I’m lucky enough to interview lots of people about how they reached their current roles, and I’m always astonished at the diversity of routes to success. Very few start off knowing where their career will lead – and I too, have not had a linear progression to my PR career.
It’s twelve years now since I started Tigerfish PR, and about twelve years before that I emerged, blinking and dazed into my first job in a PR agency. I thought I’d share how I got my first ‘break’.
Let me start with a confession. I’m a scientist. I’m the slightly perplexed possessor of a degree in Chemistry and Maths from University of Exeter. OK, anyone who knows me will now be sniggering. “Cooking and sums” is a more accurate name. I regularly found my colleagues far more interesting than my own research, and was banned from the organic chemistry labs following an episode which involved a fume cupboard, an elaborate experiment and a burning desire to see what someone else was doing. Prof Whitehurst, my long-suffering personal tutor, declared one day “Amanda, you’re a lovely person, but you’ll never make a chemist”. Now I can’t comment on the first part, but he certainly was right with the second part of his comment.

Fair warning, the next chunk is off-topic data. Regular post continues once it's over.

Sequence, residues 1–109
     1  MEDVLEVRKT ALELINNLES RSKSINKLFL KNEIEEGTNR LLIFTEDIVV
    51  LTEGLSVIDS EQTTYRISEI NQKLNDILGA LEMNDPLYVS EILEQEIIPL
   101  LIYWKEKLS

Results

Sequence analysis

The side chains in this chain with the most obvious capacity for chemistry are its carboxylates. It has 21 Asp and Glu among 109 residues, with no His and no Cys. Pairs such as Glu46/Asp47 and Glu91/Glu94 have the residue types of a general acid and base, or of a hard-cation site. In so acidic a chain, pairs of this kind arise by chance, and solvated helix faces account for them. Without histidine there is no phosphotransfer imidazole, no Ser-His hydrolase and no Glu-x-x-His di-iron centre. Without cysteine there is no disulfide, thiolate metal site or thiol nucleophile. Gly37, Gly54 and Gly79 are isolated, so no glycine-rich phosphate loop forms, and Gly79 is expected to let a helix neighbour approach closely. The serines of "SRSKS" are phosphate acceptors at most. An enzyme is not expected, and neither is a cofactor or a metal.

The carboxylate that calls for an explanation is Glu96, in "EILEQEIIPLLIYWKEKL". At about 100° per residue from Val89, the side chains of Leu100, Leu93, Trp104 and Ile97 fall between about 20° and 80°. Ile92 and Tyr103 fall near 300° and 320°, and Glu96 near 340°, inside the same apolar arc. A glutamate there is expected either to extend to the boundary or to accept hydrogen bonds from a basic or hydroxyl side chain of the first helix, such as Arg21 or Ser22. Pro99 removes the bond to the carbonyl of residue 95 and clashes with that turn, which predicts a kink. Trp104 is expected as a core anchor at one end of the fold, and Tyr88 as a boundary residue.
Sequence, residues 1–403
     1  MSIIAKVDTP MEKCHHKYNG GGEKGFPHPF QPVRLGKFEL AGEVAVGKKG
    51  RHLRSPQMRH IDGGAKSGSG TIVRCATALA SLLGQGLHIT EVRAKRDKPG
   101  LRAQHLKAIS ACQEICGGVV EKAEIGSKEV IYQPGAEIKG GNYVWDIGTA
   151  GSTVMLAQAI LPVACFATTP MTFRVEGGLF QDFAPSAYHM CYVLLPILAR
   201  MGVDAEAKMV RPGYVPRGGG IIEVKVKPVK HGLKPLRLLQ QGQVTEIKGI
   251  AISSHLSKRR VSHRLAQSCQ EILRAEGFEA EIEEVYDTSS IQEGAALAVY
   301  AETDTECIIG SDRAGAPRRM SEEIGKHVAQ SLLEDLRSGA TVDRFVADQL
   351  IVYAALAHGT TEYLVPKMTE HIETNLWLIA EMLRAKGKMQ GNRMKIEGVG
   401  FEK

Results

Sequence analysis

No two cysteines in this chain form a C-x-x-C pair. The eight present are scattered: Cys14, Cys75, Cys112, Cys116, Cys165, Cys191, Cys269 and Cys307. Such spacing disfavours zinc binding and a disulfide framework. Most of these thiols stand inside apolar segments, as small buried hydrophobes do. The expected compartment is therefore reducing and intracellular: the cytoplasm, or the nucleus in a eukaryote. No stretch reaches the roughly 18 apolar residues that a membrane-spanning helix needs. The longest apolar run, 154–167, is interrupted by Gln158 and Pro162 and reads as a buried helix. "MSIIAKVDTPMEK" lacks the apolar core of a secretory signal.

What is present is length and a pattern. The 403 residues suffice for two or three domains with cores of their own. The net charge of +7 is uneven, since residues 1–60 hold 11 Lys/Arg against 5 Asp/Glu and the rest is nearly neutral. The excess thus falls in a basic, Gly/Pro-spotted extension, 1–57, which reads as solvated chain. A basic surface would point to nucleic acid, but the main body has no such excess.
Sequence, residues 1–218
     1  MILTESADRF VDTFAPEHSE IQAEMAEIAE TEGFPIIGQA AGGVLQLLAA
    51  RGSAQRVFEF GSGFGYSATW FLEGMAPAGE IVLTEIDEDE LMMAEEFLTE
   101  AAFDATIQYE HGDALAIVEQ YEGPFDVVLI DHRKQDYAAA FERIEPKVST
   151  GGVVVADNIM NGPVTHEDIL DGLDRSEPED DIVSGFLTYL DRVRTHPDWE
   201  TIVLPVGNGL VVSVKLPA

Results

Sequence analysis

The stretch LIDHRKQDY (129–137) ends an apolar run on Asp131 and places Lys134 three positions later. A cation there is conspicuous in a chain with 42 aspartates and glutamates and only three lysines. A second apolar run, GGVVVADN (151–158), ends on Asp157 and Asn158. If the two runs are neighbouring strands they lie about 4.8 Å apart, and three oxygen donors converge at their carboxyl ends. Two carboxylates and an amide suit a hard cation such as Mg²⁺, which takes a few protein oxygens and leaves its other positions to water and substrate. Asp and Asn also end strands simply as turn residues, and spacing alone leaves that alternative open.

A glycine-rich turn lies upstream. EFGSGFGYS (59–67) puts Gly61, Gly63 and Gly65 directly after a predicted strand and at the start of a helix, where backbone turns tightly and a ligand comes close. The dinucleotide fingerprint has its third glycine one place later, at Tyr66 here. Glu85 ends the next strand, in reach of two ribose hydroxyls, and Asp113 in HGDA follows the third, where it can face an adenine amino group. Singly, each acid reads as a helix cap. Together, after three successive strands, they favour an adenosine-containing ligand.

But undeterred, I took a job as a researcher into catalysts at NEWI (North East Wales Institute) on Deeside, and then landed a role as assistant lab manager at packaging company, Thames Case, a Unilever subsidiary in Essex. I spent three years there, running machine trials on the massive corrugator, testing the strength of cardboard boxes, trouble shooting on customer sites and training the sales team. Let me tell you, what I don’t know about B, C and E flute isn’t worth knowing. Double wall? Don’t get me started. I still ‘feel the quality’ of the packaging in the supermarket.
Yet I knew it wasn’t for me. I handed in my notice with no idea of what the future held – except it wasn’t in a laboratory.
Which is where the DSS (as it was then), really came up trumps. I was invited to join an inspirational scheme aimed at “career changers”. There were people who had HR, accountancy, steel foundry, law backgrounds. There were secretaries, scientists and social workers. We spent a few days learning interview techniques, cv writing, job hunting skills – and the event culminated by all the participants suggesting alternative career paths for their fellow delegates. Genius! I’d never even HEARD of PR, but it was like a bright light in my head.
I can remember standing in a phone box in Chester, phoning up Manchester agencies. I started at the ‘A’s and got a job with the ‘B’s. At Burgess Daring to be precise. I owe the legendary, sadly late, Bill Daring a massive debt of gratitude.
And so quarter of a century later, I still absolutely love what I do. I relish the challenges, the clients, the whole ever-changing comms environment. Ironically, my science background has been incredibly useful in understanding the background of many of my manufacturing and engineering clients, and that early career taught me to never NEVER underestimate the abilities of anyone in an organisation.
Are you doing what you love to do in your work-life? And if so, how did you get there?